Paralympic gold medallist Pam Relph tells her story
PUBLISHED: 11:32 23 September 2016 | UPDATED: 10:54 27 September 2016
Derek Pelling Photography
She’s an inspirational torch bearer: Pam Relph recently headed to Brazil to defend her treasured rowing title and gold medal
Pam Relph felt her whole world was at an end when, aged 20, disability forced her to leave the Army career she had spent years preparing for.
But as one door slammed shut behind her, another suddenly opened up in the form of a glorious career as a Paralympic World Champion, gold medallist and recipient of an MBE.
The 26-year-old, from Weston Turville, Aylesbury, who was first diagnosed aged seven as having the degenerative condition psoriatic arthritis, recalls: “I was told by the Army I was not continue my career because I was not suitable to be deployed.
“I had joined up when I was 16 and was really devastated that, aged 20, the career I had trained for and studied for came to an end. I had a strong military background in my family and wanted to carry it on. I was really gutted. Every major life decision up until then had been based on me getting in to the Royal Engineers.”
But, in her hour of need, Pam’s family came through for her.
“My whole family went through that process with me,” she says. “I called up my mum, gutted and in tears and was completely at a loss over what I was going to do next. I had no plans.
“My sister, Monica – who is a rower - put the feelers out with the GB Paralympic team to find out whether I would qualify. I had never previously rowed competitively but the military experience makes you tough and makes you work hard. I guess I had the mental capacity for it already and it was just a case of physically learning to row.”
Pam’s arthritis means the bones in her right hand and right fist are fused together, severely decreasing her strength in this arm.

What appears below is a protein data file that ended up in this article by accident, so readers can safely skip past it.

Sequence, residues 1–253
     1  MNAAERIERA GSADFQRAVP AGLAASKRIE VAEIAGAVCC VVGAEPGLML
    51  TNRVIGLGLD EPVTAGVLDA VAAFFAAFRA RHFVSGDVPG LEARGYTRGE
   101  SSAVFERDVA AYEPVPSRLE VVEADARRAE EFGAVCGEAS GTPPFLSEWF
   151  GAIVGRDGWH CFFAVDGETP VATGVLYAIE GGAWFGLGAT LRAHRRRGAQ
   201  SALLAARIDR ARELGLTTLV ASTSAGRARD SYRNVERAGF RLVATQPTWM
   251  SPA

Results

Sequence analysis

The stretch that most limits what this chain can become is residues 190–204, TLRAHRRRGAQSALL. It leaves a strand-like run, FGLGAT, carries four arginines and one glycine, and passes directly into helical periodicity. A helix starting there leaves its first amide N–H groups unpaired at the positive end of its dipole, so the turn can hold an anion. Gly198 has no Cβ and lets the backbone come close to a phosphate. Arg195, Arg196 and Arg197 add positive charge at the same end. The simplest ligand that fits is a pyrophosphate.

When she learnt her disability did qualify her to be a Paralympian, she was excited, but still had reservations.
“It took me a good year to come to terms with trying to compete as a disabled person. I never would have considered myself to have a disability.
“I didn’t want to allow my condition to beat me. It wasn’t long before I realised that going to the Paralympics isn’t second best. I have this condition and I am not going to let it beat me. Going to the Paralympics was proving to myself that I was the super tough person I thought I was. The competition was fierce and you find yourself training alongside the Olympic team.”
Despite her initial reservations, Pam’s progress was remarkable – she want from rookie in 2010 to world champion in under a year, at the World Rowing Championships in Slovenia.
She won a gold medal in the Legs Trunk and Arms Mixed Coxed Four event alongside crewmates Naomi Riches, David Smith, James Roe and Lily van den Broecke, the cox. They completed the one kilometre course in a time of three minutes, 27.10 seconds, finishing nearly five seconds ahead of the second placed Canadian boat. The result meant that Great Britain qualified a boat for the 2012 Summer Paralympics in London. The crew repeated their gold medal result at the Munich World Cup event in 2012.
The passion for her sport still burns bright and she trains two to three times a day, six days a week. Each training session is 90 minutes to two hours, so it’s five to six hours a day.
Pam, who is funded by UK Sport and the National Lottery, also enjoys public speaking engagements and is passionate about the empowerment of the disabled. She says: “Disabled provision is getting better, and sport is an amazing way of driving that forward. A lot of people when they think of disability think you have to be missing a limb or in a wheelchair, but a lot of people are like me with an invisible disability.”
Pam, who went to school in Wendover at John Colet, is also passionate about her roots in the Aylesbury Vale, and about Stoke Mandeville’s legacy as the birthplace of the Paralympics.“I am massively proud of the fact I come from here and I brag to everyone that I come from Stoke Mandeville. I feel very passionate that I come from the birthplace of the Paralympics. I was diagnosed at Stoke Mandeville when I was seven.”
Perhaps one of her proudest moments came in 2013 when she was awarded an MBE by Prince Charles: “I told him I share his birthday. He said all the best people are Scorpios – he was lovely, really chatty and funny.”
All of this glory is a far cry from the awful moment in 2010 Pam learnt her Army career was over. “It was devastating at the time,” she says. “But you know what they say about every cloud - and my silver lining was rowing.”